priority in education and training for safety and accident prevention, CPR, and first aid, and use of the community emergency medical system.
The following are initial questions that a community can ask to ensure that a system is in place to deal with potential crisis medical situations:
Does a school-based emergency system or plan exist? What are its provisions?
Are school personnel informed of access to the emergency medical care system of the community?
Are school personnel trained in first aid and CPR?
What school accident prevention and accident reporting systems are in place? Who reviews these reports? How is information from these reports used to modify existing risks for students?
How are community providers of emergency medical care services involved in education and training of school-based health personnel and other school staff?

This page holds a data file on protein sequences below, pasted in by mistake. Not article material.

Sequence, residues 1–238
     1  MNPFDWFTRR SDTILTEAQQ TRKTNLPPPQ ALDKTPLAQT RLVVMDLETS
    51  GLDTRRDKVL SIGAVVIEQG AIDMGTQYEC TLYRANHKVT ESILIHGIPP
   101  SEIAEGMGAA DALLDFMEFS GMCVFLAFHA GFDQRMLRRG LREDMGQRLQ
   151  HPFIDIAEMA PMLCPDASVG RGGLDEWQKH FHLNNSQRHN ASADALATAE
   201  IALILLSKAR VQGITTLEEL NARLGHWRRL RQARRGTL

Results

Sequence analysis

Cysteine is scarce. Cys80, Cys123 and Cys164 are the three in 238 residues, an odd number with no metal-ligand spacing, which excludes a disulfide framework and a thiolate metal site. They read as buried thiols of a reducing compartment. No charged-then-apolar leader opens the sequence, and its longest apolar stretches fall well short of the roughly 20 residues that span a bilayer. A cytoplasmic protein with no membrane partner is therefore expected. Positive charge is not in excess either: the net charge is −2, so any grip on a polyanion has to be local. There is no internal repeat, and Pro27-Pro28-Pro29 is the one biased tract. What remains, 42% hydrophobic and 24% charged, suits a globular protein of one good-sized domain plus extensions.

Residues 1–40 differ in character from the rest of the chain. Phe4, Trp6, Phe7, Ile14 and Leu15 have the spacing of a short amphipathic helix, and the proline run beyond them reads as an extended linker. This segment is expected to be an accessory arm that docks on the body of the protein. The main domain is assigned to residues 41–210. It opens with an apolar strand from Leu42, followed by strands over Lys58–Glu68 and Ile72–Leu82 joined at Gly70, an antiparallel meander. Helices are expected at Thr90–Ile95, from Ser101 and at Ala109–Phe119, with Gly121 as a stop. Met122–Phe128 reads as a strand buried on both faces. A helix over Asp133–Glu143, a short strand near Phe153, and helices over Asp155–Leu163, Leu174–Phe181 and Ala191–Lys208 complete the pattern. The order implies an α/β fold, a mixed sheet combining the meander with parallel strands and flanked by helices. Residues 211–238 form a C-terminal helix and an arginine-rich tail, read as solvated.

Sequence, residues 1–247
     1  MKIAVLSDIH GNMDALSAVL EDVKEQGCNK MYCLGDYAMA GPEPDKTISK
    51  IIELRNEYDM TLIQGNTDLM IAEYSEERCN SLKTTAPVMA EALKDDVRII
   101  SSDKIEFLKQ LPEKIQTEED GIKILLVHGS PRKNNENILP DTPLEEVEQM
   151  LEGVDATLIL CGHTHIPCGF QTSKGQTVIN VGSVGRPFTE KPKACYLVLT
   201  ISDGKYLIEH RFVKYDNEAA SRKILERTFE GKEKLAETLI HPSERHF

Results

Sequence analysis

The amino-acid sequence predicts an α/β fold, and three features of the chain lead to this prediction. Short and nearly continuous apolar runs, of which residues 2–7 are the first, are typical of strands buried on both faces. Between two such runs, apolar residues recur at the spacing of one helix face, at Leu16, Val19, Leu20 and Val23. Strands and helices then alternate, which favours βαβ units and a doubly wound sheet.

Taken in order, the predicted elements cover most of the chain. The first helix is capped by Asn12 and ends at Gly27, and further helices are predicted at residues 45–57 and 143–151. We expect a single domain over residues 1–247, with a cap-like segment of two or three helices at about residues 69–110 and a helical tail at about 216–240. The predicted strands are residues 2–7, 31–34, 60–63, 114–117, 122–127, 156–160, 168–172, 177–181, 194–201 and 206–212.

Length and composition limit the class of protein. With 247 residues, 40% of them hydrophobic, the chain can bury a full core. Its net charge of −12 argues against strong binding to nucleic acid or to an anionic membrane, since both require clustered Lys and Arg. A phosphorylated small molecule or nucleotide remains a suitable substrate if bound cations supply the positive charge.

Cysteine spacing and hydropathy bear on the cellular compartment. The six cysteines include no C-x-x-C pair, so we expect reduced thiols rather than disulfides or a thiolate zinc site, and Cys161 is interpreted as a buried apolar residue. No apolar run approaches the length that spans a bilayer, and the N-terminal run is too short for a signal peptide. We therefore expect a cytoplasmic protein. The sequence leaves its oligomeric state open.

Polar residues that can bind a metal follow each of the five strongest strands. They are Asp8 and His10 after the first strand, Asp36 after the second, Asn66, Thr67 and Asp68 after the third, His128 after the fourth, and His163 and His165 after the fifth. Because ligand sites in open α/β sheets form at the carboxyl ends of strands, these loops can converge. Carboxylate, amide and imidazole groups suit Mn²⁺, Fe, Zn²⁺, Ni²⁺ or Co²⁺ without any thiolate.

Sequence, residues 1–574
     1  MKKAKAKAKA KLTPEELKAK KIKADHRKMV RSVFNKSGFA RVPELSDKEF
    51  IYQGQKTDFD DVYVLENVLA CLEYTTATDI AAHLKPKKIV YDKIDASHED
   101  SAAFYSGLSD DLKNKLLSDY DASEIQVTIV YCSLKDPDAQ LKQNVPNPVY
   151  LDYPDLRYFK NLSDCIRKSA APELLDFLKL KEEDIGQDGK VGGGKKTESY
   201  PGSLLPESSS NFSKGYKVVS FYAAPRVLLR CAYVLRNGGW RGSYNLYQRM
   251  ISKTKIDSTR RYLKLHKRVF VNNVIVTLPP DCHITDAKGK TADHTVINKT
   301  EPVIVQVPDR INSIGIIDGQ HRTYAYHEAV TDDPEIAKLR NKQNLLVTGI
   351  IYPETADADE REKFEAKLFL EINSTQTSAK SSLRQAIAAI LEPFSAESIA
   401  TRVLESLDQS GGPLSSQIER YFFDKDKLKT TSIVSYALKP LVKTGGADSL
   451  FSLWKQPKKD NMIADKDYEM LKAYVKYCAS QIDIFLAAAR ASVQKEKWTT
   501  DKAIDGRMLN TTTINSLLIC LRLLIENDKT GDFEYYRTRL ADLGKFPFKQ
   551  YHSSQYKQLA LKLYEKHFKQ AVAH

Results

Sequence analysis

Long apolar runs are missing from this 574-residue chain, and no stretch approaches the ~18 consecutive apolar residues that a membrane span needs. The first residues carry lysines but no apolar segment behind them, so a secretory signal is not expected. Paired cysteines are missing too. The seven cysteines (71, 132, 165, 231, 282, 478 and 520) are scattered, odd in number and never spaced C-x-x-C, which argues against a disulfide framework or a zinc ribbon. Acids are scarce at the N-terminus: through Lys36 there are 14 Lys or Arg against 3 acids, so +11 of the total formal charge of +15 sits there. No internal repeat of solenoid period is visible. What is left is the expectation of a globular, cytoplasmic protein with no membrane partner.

Are school medical consultants available for establishing triage, guidelines for need or immediacy of referrals, or standing orders as deemed necessary?
Screening is the process of using a relatively simple test to identify those who may have a particular problem. Unfortunately, screening programs are ineffective unless procedures are in place for ensuring follow-up of identified problems. Certain mandates for screenings are old and outdated, and statutory requirements should be reviewed for scientific validity.9 In a climate where resources are scarce, a balance may have to be struck between population-based screenings and targeted interventions for high-risk groups, as mentioned earlier in this chapter (Starfield and Vivier, 1995).
Overviews of screening recommendations are found in such publications as School Health: Policy and Practice from the American Academy of Pediatrics (1993) and Principles and Practices of Student Health, Volume II (Wallace et al., 1992b). The value of any screening program must be based on criteria outlined in Box 4-2.
As mentioned previously, Medicaid reimbursement for school-based